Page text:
Station Name: BRIERDENE

[Source: Alan Young]

Date opened: Constructed in 1913-14 but never opened
Location: Within Whitley Bay golf course. Close to public footpath that leaves A193 Blyth Road at a sharp bend
Company on opening: North Eastern Railway built the branch: never opened
Date closed to passengers: Never opened
Date closed completely: Never opened
Company on closing:

Abandoned by LNER

Present state: Demolished. A bridge parapet in Hartley Road is extant.
County: Northumberland
OS Grid Ref: NZ341745
Date of visit: May 1963 & 15.8.2010

Notes: When the Blyth & Tyne Railway’s ‘Avenue Branch’ was opened between Hartley, Whitley / Monkseaton and Tynemouth (to goods in 1860 and passengers in 1861) it bypassed Seaton Sluice, and continued southwards, part of its length following the course of the old Whitley Waggonway, It was not until the early years of the 20th century when housing development seemed likely at Seaton Sluice that plans were devised by the North Eastern Railway to put the village officially on the railway map. Following electrification of the Newcastle – Whitley Bay ‘coast circle’ in 1904, a Bill to enable the construction of a branch from Monkseaton was deposited in the 1910-11 Parliamentary Session. It received the Royal Assent on 18 August 1911.

Brierdene station
Note: some sources refer to Brierdene as Briardene, and Halt has been appended to the name.

The station was 53 chains from the junction with the Avenue Branch (Monkseaton – Hartley). As at Collywell Bay the main building and signal box were to be on the east platform with a waiting shelter on the west platform. The description of the building which follows is compiled from Bill Fawcett’s article and sketches of Brierdene Station in North Eastern Express no. 147. The station entrance was at the north end of the block, with a glazed verandah behind which was a glass roofed booking area which fronted the office. The overall shape of the building was the favoured NER single storey block with cross wings at each end clasping a platform verandah with a glazed front. Unlike some of the later NER stations (Selby-Goole and Darras Hall branch) the building was to be largely of brick rather than timber. A cupola with finial and weathervane were included to add an extra note of distinction.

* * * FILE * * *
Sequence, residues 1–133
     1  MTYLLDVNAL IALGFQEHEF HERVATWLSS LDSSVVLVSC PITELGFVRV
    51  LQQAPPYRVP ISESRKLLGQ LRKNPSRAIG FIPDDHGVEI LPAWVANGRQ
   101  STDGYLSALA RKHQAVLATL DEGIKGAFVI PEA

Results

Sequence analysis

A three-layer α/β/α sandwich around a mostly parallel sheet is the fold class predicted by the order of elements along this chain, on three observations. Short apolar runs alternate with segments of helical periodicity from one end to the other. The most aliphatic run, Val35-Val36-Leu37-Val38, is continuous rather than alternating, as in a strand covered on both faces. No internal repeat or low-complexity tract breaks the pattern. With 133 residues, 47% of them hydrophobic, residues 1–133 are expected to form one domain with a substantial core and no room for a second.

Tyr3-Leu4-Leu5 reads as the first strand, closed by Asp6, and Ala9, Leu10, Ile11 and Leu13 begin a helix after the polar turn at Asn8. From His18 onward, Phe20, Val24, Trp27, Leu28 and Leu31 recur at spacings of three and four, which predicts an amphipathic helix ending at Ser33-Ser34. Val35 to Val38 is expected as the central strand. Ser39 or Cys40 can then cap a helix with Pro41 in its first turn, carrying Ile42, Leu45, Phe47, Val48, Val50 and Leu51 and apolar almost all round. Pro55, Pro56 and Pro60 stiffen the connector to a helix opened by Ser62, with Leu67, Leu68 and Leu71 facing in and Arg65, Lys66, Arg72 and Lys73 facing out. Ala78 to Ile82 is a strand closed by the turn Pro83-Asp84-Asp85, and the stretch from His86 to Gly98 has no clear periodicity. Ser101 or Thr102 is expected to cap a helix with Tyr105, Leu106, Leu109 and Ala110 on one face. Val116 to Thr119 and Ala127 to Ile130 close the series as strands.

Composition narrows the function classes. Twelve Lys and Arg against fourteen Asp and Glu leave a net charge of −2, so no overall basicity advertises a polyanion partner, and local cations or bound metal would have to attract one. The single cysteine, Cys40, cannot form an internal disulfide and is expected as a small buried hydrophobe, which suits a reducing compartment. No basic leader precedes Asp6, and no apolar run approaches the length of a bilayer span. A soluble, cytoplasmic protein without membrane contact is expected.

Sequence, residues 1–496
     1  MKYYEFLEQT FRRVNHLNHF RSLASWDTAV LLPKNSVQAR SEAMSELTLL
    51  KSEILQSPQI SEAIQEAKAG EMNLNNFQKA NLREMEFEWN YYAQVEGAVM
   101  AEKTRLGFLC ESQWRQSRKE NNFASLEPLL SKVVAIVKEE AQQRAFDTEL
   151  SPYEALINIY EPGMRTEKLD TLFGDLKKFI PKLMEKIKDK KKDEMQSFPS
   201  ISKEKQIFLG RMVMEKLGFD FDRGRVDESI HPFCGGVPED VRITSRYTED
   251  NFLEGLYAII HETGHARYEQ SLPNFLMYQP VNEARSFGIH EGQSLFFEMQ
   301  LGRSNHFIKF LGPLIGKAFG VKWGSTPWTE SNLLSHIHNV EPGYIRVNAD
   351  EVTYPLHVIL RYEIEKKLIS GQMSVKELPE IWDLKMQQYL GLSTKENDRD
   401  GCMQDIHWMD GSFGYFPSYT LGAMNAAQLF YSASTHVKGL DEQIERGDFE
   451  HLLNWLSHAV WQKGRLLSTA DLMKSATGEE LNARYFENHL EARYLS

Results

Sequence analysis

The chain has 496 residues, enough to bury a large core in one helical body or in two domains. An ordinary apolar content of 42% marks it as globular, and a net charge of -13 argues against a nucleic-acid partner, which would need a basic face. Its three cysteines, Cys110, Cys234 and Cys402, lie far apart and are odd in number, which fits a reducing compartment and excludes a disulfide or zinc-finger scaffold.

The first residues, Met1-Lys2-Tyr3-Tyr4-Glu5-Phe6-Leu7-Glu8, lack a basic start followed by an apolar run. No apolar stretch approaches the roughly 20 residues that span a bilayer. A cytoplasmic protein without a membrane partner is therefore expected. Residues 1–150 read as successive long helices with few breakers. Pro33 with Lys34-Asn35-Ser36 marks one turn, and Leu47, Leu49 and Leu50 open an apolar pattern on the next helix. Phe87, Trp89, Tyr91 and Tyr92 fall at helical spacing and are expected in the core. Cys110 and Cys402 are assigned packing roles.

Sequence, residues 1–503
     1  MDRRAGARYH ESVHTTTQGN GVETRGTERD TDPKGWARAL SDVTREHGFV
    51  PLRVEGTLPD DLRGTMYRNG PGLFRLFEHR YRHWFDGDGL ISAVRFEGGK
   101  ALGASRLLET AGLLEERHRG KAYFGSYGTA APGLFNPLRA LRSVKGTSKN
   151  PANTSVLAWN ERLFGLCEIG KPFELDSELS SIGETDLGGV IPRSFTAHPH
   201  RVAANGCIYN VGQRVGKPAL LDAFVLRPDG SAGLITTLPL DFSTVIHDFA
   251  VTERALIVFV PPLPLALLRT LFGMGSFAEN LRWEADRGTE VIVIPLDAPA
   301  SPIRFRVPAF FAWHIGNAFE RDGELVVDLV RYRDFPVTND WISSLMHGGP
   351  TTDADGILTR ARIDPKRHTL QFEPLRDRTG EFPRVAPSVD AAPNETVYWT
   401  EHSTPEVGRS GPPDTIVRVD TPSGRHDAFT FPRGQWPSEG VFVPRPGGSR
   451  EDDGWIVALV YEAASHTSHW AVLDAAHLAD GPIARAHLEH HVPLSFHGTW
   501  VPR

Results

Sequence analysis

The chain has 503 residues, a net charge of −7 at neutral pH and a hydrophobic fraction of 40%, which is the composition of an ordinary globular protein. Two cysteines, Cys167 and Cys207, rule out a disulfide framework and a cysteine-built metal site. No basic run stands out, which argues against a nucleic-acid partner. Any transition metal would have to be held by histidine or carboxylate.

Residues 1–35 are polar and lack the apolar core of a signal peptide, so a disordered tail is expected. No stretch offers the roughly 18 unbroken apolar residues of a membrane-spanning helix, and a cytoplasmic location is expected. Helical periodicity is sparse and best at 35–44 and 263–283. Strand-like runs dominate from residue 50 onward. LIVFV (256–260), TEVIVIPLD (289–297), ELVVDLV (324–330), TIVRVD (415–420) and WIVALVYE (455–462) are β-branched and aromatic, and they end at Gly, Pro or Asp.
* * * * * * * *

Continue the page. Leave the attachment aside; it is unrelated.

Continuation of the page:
The platforms were built, connected by a non-standard design footbridge. A signal box was partially constructed towards the south end of the east platform, with what was possibly a permanent way shed immediately south of the platform ramp.

When the Collywell Bay project was abandoned the footbridge was dismantled and found a new home at Byker station (see Byker entry: 1964 photograph). It is not known how long the other structures remained in place.

THE COLLYWELL BAY BRANCH
A contract was agreed on 14 November 1912 with C M Skinner for an electrified branch line to Seaton Sluice, a little under two miles in length, leaving the Avenue Branch about a mile north of Monkseaton station. This section of the Avenue Branch would be doubled, and Monkseaton station would be rebuilt on a grand scale to accommodate the Seaton Sluice trains. It was decided not to call the terminus Seaton Sluice, but to use the more appealing name of Collywell Bay, considered more appropriate for an aspiring genteel resort and commuter destination. An intermediate station with a passing loop on the single track branch was to be provided at Brierdene, (A District Engineers’ map date-stamped 22 November 1913 named this station Delaval Bay.) At this station an attractive building was planned to serve the housing that was expected to develop around it. In May 1913 signed an Agreement with Lord Hastings permitting the NER to build the line across his land, of which he was to sell 21½ acres at £40 per acre. It was implied within the Agreement that at least 350 houses would be constructed near the terminus.

The NER expected to introduce the passenger service at the beginning of November 1914, and the name Collywell Bay was added to the destination blinds on the Tyneside electric stock. Construction was at an advanced stage when World War I broke out in August 1914, and the project was halted. A double line of permanent way was in place as well as the station platforms, bridges and signal boxes. A stretch of electric ‘third rail’ was laid at the Monkseaton end of the Avenue branch, the signal box at Brierdene Junction was constructed, and the new Monkseaton station was nearing completion: this station opened the following year. On the outbreak of war house building in the area ceased. In 1916 the Ministry of Munitions and Railway Executive Committee, faced with a shortage of essential materials, decided that new rails could be acquired by singling lightly used lines. In 1917 the rails of the Collywell Bay branch were therefore lifted. However a 1 mile 1,754 yard stretch of single line was restored using second-hand track  (probably before the end of that year) to be used by a naval coastal defence gun, mounted on a specially built railway wagon.